Discuss the problem with the terminology spectator, to spectate is a passive decision whilst being an audience member you take on a role of your own. You have a place and role to play. How becoming a part of the event temporarily adjusts your involvement, how the multitude of bodies on stage and in the audience are never the same, never reacting the same way, reacting to weather, time, day of the week, and how this singular experience can never be relived in exactly the fame format as the first and only time. There can be adjustments to previous experiences but never a total reciprocation
Theatre audiences – Reception theory – Audience as one or as a group – Scenographic experience
“I’ll take a book of the shelf, any book and you’ll have turned down the pages and underlined things.Put stars in the margins. And I stare at the sentence you’ve highlighted. I’ll reread the paragraph. I’ll think what has she seen that I can’t see? What is it that I don’t understand?” (Macmillian, 2013, 65)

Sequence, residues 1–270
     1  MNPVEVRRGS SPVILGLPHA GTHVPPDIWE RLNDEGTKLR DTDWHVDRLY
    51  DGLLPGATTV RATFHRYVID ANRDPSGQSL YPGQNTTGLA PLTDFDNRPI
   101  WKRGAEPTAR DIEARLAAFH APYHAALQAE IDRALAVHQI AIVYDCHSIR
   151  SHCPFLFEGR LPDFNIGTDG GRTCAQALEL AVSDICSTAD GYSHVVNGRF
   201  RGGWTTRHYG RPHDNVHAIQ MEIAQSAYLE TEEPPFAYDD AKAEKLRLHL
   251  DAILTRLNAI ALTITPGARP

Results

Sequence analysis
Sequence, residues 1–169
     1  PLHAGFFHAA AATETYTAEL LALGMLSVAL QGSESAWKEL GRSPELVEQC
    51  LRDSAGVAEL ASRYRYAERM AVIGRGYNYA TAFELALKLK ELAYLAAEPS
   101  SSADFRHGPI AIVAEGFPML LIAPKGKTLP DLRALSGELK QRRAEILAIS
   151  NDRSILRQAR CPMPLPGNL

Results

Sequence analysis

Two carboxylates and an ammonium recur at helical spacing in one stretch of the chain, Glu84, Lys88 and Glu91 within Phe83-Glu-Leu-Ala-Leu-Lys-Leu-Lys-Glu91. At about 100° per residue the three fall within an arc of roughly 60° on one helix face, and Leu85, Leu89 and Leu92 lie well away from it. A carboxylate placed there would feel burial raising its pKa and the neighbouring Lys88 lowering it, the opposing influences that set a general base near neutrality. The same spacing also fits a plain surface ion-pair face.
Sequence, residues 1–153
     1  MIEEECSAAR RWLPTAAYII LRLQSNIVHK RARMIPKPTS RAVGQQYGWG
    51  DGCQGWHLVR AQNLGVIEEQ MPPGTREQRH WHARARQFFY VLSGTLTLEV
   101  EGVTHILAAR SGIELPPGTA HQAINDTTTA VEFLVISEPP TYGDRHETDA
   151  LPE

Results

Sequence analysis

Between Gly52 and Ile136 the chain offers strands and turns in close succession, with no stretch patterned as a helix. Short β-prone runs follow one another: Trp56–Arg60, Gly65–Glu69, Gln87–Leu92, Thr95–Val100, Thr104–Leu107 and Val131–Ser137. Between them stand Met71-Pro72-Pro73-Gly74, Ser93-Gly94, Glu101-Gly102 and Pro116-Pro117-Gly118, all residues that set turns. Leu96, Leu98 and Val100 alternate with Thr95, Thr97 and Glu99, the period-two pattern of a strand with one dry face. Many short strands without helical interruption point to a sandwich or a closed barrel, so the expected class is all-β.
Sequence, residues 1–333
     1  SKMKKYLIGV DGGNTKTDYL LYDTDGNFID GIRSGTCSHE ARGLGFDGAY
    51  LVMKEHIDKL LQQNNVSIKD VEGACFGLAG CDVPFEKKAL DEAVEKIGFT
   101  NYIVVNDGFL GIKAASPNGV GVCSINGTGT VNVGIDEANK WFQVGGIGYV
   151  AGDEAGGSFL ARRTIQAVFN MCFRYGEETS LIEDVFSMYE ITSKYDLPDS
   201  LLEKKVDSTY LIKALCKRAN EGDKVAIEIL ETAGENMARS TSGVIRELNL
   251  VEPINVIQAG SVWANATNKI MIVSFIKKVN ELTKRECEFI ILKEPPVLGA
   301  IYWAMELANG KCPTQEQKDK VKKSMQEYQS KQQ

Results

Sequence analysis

HOW ABOUT THIS:
Argue that the shared ghosting of an actor as a spectator can be mirrored in the actor to their perception of a ghosted ‘spectator’. Show how through shared theatrical experience leading up to performance and through the show into the fall off an catharsis, the spectator, a part of the performance, plays a part in ghosting for the actor as the actor does for the spectator.
SO! Looking at:
The linear passage of experience and similarities between spectator and actor in this respect
The ghosting experience for the spectator
The mirrored ghosting experience for the actor.
Primary text is Carlson’s The Haunted Stage. Using elements of When we see Horses and Postdramatic Theatre to follow through.
A impersonates B whilst C looks on. (Eric Bentley) STARTING POINT! Passing on into Bernharnt and Theatre & Body to bring in the element of ghosting from actor to audience. Relate to Dan Reballato article with David Tennant. Passing over to the audience, we look into the similarities of perceptions between audience and actor, slipping seamlessly over into the perception of the actor and how, as spectators to their own altered performance, they have the same ghosting perceptions of the spectator for a warped and heightened perspective.